• Isolation: You're running a StatefulSet in a cluster that is accessed by multiple users, and namespace isolation isn't sufficient.
  • Cluster Configuration: You want to move your StatefulSet to a different cluster to use some environment that is not available on your current cluster.
  • Control Plane Upgrades: You want to move your StatefulSet to a cluster running an upgraded control plane, and can't handle the risk or downtime of in-place control plane upgrades.

How do I use it?

Enable the StatefulSetStartOrdinal feature gate on a cluster, and create a StatefulSet with a customized .spec.ordinals.start.

Try it out

In this demo, I'll use the new mechanism to migrate a StatefulSet from one Kubernetes cluster to another. The redis-cluster Bitnami Helm chart will be used to install Redis.

Tools Required:


To do this, I need two Kubernetes clusters that can both access common networking and storage; I've named my clusters source and destination. Specifically, I need:

  • The StatefulSetStartOrdinal feature gate enabled on both clusters.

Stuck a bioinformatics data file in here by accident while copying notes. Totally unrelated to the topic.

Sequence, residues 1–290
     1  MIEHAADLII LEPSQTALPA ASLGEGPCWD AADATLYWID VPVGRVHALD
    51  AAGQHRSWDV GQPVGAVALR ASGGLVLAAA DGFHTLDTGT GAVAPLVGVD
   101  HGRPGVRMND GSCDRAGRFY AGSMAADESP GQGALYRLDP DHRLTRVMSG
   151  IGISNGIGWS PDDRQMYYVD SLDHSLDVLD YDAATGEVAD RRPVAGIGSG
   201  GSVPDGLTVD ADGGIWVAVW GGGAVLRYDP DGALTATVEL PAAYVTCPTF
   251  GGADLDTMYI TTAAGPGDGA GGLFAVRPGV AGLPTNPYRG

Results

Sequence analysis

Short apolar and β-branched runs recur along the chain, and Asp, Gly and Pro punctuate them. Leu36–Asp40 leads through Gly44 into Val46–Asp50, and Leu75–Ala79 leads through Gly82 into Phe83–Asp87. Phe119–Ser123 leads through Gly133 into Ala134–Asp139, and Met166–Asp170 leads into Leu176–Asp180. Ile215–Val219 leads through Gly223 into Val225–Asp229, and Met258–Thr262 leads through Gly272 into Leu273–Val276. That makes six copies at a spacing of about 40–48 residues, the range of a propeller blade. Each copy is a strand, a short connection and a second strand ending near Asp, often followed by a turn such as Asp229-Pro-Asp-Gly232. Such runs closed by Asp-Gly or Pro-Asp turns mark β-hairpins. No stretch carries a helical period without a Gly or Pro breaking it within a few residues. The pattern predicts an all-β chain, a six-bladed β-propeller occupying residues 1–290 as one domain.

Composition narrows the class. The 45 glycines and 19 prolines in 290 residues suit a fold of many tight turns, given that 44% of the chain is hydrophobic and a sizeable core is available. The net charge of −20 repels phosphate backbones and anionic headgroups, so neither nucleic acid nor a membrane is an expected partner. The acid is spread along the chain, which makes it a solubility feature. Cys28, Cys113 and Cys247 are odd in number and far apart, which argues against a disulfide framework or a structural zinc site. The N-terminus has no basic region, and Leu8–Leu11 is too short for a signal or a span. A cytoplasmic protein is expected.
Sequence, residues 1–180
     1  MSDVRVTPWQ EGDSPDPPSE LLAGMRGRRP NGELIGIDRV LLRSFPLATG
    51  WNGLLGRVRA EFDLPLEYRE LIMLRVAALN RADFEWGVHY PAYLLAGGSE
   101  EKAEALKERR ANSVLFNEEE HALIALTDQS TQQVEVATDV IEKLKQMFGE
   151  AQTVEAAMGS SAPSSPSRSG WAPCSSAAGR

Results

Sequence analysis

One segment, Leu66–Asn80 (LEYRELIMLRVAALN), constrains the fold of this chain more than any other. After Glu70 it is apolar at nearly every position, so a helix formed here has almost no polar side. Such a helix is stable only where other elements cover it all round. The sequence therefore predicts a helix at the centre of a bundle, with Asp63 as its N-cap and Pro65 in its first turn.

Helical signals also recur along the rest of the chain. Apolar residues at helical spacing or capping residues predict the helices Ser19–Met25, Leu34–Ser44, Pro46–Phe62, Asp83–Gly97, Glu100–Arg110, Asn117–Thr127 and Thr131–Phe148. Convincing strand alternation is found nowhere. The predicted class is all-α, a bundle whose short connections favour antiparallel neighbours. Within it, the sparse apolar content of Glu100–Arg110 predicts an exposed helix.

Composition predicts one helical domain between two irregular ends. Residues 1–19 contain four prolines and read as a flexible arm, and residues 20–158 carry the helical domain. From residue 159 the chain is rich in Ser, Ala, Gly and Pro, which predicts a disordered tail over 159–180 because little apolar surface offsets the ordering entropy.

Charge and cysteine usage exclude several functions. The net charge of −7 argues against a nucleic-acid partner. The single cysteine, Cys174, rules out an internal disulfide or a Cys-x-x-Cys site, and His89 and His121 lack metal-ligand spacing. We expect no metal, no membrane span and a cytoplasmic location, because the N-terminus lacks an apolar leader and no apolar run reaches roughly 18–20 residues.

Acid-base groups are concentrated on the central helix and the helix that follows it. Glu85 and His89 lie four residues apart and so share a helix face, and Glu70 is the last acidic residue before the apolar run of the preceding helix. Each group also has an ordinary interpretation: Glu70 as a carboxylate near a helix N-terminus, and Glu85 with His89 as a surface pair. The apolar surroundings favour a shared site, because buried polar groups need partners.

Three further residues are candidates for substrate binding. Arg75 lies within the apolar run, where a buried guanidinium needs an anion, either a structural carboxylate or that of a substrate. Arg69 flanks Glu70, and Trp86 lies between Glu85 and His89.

• Client configuration for kubectl that lets me access both clusters as an administrator.
  • The same StorageClass installed on both clusters, and set as the default StorageClass for both clusters. This StorageClass should provision underlying storage that is accessible from either or both clusters.
  • A flat network topology that allows for pods to send and receive packets to and from Pods in either clusters. If you are creating clusters on a cloud provider, this configuration may be called private cloud or private network.
  1. Create a demo namespace on both clusters:

    kubectl create ns kep-3335
  2. Deploy a Redis cluster with six replicas in the source cluster:

    helm repo add bitnami https://charts.bitnami.com/bitnami
    helm install redis --namespace kep-3335 \
      bitnami/redis-cluster \
      --set persistence.size=1Gi \
      --set cluster.nodes=6
  3. Check the replication status in the source cluster: